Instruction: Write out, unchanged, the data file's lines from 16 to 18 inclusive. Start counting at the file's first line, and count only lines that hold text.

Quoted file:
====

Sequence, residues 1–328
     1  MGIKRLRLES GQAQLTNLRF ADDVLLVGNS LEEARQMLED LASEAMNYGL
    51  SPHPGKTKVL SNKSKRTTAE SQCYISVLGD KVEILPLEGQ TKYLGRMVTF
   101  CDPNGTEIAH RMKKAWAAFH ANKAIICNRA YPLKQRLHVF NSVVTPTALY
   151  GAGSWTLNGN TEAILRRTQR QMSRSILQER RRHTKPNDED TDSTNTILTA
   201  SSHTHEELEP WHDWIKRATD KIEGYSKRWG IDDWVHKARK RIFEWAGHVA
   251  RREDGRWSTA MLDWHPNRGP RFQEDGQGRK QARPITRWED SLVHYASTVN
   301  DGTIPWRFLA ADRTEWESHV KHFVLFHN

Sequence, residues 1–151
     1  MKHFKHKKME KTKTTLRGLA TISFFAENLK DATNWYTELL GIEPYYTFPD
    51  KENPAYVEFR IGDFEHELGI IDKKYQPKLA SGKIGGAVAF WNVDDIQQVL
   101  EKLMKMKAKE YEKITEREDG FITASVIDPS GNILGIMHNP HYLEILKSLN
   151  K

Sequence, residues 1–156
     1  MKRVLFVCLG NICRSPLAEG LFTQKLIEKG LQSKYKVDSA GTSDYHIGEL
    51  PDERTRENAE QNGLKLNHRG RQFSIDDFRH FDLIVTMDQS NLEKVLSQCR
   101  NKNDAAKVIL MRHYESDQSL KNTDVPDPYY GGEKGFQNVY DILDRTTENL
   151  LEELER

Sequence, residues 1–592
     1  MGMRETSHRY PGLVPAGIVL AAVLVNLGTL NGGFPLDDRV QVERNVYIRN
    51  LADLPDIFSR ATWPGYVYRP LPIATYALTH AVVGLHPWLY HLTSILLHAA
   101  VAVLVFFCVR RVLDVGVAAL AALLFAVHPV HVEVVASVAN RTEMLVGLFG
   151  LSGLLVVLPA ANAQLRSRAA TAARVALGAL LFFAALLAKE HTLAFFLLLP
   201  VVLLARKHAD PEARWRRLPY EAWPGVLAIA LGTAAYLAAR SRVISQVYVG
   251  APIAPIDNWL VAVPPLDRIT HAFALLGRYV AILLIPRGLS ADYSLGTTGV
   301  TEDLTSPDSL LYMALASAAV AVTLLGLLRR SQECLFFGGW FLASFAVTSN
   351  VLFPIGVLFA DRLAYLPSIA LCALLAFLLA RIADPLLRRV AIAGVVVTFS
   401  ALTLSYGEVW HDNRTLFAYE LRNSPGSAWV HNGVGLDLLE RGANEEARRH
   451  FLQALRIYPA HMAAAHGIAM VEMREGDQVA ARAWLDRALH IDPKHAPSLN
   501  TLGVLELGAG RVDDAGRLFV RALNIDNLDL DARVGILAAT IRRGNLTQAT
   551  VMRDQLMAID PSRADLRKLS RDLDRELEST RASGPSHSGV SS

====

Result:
    51  PDERTRENAE QNGLKLNHRG RQFSIDDFRH FDLIVTMDQS NLEKVLSQCR
   101  NKNDAAKVIL MRHYESDQSL KNTDVPDPYY GGEKGFQNVY DILDRTTENL
   151  LEELER